Florida Bridge Collapse Deaths Likely to Rise as More Trapped Victims Found, Authorities Say
Six people have been confirmed killed when a newly erected pedestrian bridge collapsed at Florida International University’s Miami campus, but the number of fatalities is expected to grow as crews work to free those still trapped, authorities say.
The 950-ton bridge, which spanned several lanes of traffic, came crashing down on Thursday, March 15, burying at least eight vehicles in rubble.
The death toll could rise, Miami-Dade Police Department director Juan Perez said on Friday.
“There must be some others in the vehicles,” Perez told Miami’s NewsRadio 610 WIOD early on Friday, according to Reuters. “We know there’s bodies down there and we can’t get to them. It’s terrible.”
The mission has been reclassified from a rescue to a recovery effort, ABC news reported, as authorities said anyone still trapped under the wreckage is likely dead.
“The engineers are working at it in a very tactical way,” Alvaro Zabaleta, a spokesman for the Miami-Dade Police Department, said at a news conference Friday, according to ABC.
“The structure is fragile and could be dangerous to rescue personnel.”
Earlier emergency personnel with sniffer dogs searched for signs of life amid the wreckage of concrete and twisted metal that rained from the collapsed structure and crushed vehicles on one of the busiest roads in South Florida.
But police determined late on Thursday that nobody would be pulled from the wreckage alive, Perez said at a news briefing on Friday.
The identities of the victims are not yet known, but at least one was a female student at Florida International University, the university’s president, Mark Rosenberg, told reporters.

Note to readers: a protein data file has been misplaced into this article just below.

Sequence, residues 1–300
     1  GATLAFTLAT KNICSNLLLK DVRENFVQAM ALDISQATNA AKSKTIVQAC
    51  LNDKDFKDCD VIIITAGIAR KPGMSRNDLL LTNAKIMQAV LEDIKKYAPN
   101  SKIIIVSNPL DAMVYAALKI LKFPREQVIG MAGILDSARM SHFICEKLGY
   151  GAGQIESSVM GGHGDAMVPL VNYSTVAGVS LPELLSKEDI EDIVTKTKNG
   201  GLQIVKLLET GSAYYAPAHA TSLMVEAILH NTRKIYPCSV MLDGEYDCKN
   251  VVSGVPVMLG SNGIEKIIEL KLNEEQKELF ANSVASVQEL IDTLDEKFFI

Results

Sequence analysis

At least 10 people were taken to hospitals and two were in critical condition, officials and local media reported.
Bridge installed on Saturday
The 174-foot (53-meter) bridge connects the university with the city of Sweetwater and was installed on Saturday in six hours over the eight-lane highway, according to a report posted on the university’s website.
“If anybody has done anything wrong, we will hold them accountable,” Florida Governor Rick Scott said at a news briefing late Thursday.
FIU President Mark Rosenberg said today on “Good Morning America” that the “project has been done as every other project at FIU in terms of construction. … We only work with certified contractors that have been approved by all the appropriate authorities.”
“We’re shocked and we’re going to cooperate fully,” Rosenberg said, according to ABC. “We’ve got to get to the bottom of this and we will.”
“Our condolences to all the family members and loved ones to those who were injured and killed in this tragic accident.”
The governor’s office earlier issued a statement saying a company contracted to inspect the bridge was not pre-qualified by the state.
Munilla Construction Management, which installed the bridge, was founded in 1983 and is owned by five brothers, according to its website. In addition to its Florida operations, the company also has divisions in Texas and Panama and employs 500 people.
FIGG Engineering said it took part in the bridge project and would fully cooperate with investigators, adding that the collapse was the first in its 40-year history.
The bridge was intended to provide a walkway over the busy street, where an 18-year-old female FIU student from San Diego was killed as she attempted to cross in August, according to local media reports.
Students at FIU are currently on their spring break vacation, which runs from March 12 to March 17.